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Thursday, June 19, 2008

Ken Miller Is Not a "Theistic Evolutionist"

Ken Miller, on a train to New York City for a radio interview about his new book Only a Theory, just sent us this quick note from his iPhone:

"I always reject the term 'theistic evolutionist.' I am a theist and an evolutionist, to be sure, but the combined term makes no sense to me. Never heard anyone described as a 'theistic chemist,' have you?"

Thanks, Ken, for setting the record straight. What do you think: Is there value in the term "theistic evolutionist"?


Thomas Jay Oord said...

I think I understand Ken's reticence to adopt the label, "theistic evolutionist." Labels suffer from imprecision, and this one is surely imprecise.

I find the label "theistic evolution" generally helpful, however. It combines two very important concerns: belief in God and affirmation of the general theory of evolution.

Unfortunately, many in our society equate "evolution" with "atheism." I teach in an Evangelical university, go to Church with self-described Evangelicals, and generally hang out with such folk. A huge number of people in North America accept the Evangelical label. In these circles, "evolution" is frequently identified with atheism.

"Theist evolution" is a short-hand way to move the conversation past what many Evangelicals think are the only two options: 6-day creationism and atheistic evolution. While I'm sympathetic to efforts to decouple the two and in fact have devoted significant effort myself toward that endeavor, the label "theistic evolution" cuts through confusion better than most other labels.

So... while I understand Ken's concern, I think there is rhetorical merit to the label "theistic evolution."

Thomas Jay Oord, Ph.D.

Karl W. said...

I don't know what to think. I agree with Ken that "theistic chemist" is a useless term. And, it seems to me that theistic evolution should have accomplished something if it was of any value, given how long it has been around as a supposedly meaningful term.

But, given the colloquial equation of evolution and atheism it does seem like we need to be careful not to be saying something that would be interpreted as "I am an atheist."

I do like "theistic evolutionist" better than "spineless appeaser" which is the term that Dembski and the ID people seem to like.

Richard Colling said...

Theistic evolution, like many other terms used today conveys different meanings to different groups of people. I think it is useful, since it places belief in God first, while acknowleging evolution. Are there other descriptors that could be used to define those who believe in God and also evolution? Probably. Evolutionary creationists might work, but this would be regarded by many in the conservative Christian community as even more lacking than theistic evolution. Alas, all we have are words to describe ourselves, our understandings, and beliefs. We do the best we can.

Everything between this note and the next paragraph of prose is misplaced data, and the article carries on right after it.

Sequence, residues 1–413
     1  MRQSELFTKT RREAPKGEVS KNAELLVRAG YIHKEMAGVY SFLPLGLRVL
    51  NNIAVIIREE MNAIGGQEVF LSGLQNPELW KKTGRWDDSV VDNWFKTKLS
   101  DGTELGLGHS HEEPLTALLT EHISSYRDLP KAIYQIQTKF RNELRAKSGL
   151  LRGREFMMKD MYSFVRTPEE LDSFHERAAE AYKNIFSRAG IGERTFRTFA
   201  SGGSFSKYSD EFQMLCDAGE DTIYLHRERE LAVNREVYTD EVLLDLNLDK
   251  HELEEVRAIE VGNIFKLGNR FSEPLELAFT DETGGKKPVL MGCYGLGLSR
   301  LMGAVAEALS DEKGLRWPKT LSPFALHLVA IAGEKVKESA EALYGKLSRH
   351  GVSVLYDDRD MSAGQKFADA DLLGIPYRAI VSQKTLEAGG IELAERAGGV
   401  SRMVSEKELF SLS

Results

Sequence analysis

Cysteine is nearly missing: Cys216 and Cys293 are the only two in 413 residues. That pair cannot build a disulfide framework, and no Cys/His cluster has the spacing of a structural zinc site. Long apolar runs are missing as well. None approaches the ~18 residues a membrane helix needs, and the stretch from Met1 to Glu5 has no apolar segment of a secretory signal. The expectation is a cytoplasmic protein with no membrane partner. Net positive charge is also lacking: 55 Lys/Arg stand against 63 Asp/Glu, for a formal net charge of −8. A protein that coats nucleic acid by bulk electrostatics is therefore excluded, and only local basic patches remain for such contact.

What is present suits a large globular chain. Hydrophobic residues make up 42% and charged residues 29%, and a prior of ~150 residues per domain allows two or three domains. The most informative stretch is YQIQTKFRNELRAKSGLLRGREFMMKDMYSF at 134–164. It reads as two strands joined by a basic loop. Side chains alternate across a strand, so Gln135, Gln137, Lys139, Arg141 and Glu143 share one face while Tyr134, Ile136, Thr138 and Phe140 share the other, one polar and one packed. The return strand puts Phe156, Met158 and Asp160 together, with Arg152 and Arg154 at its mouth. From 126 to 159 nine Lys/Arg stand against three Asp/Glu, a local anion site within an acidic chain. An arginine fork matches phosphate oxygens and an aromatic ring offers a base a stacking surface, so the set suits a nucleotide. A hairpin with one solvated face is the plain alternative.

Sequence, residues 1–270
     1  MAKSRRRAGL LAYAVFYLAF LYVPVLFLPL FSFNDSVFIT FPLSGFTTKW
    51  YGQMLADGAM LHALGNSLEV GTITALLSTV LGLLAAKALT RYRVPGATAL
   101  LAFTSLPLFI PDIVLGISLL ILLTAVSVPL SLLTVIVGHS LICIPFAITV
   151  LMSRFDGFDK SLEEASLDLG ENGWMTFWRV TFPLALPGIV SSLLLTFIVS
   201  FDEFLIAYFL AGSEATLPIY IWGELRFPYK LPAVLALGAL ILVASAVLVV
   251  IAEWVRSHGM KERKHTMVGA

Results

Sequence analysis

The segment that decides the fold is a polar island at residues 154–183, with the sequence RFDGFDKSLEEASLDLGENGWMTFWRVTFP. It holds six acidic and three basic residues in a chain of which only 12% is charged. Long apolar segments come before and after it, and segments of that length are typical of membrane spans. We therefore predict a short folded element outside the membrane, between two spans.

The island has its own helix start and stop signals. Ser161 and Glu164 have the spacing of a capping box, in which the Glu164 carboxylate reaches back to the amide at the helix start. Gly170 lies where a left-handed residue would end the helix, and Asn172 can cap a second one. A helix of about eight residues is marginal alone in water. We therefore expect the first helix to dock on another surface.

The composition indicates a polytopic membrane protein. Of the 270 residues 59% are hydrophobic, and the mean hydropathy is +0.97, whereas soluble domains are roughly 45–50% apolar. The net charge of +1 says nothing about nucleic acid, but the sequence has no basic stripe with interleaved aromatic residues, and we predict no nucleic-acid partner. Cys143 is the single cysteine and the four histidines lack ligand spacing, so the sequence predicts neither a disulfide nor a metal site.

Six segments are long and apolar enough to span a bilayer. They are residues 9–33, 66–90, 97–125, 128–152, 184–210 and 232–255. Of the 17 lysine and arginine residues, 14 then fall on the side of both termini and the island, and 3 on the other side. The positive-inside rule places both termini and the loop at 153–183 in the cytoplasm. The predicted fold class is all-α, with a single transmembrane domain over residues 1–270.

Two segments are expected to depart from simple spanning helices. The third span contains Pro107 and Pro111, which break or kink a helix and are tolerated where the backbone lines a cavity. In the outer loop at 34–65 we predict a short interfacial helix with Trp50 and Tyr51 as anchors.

I, like Tom Oord, appreciate Ken Miller's reticence to use this expression, but it is a descriptor that has meaning to many people, and until a more precise set of words become commonly understood to characterize those who believe in evolution and God, I am reticent to discard it.


adude said...

karl w.

Regardless of your thoughts on whether or not we evolved, one can still believe in not bearing false witness--or misattributing quotes and exaggerating currency.

Google "Dembski" and "spineless appeasers" and you'll find that the only link is to a quote from the ex-Marine, non-Theist Dave Scot. Google 'site:uncommondescent.com "spineless appeasers"' and you'll the same single quote from Dave Scot.

So it's hardly preferred by Dembski nor is it a term that has a vogue at UD.

Now, if you meant it simply as a ironic aside, I can understand that. I would then apologize for jarring anyone with the "false witness" angle, other than as an attention-getter and a means of establishing where there should be agreement, regardless of paradigm.

If it is simply the exasperation that comes with not being heard on one's own terms, then I think it reflects on the conversation as a whole where the non-creationists (by their own stipulation) feel frustration at not being heard.

On the other hand, as a number of TEs have already expressed dissatisfaction with Millers stipulation. Thus he rejects a reasonable description of his worldview (if it is his worldview) simply because of what the term might imply professionally. His answer really doesn't have a lot of thought behind it, and hardly justifies the title proclaiming as fact what he stipulates.

It's quite clear: Nobody describes themselves as having a "chemistry" worldview. Nobody asserts that chemistry and God are harmonious, despite the seeming randomness of Brownian motion. There's little interest in arguing the contrary.

Yet despite the usefulness of it, Miller rejects the term on the possible inferences, and it all smacks of a sort of peer pressure. But God has appointed me the judge of no man, so if it smacks to me of peer pressure, it just does so.

Peace be with you.

Keith said...

Theistic Evolution has an actual definition which seems to be lacking here. To be a theist simply means that you believe in a theology. You could be a polytheist (think Zeus, Apollo), a Muslim, a Christian, even a Satanic. To be an evolutionist means you believe that evolution is how we and all other forms of life came to be on Earth. To be a Theistic Evolutionist means that you believe that your God(s) used Darwinian Evolution as the method of bringing life to existence.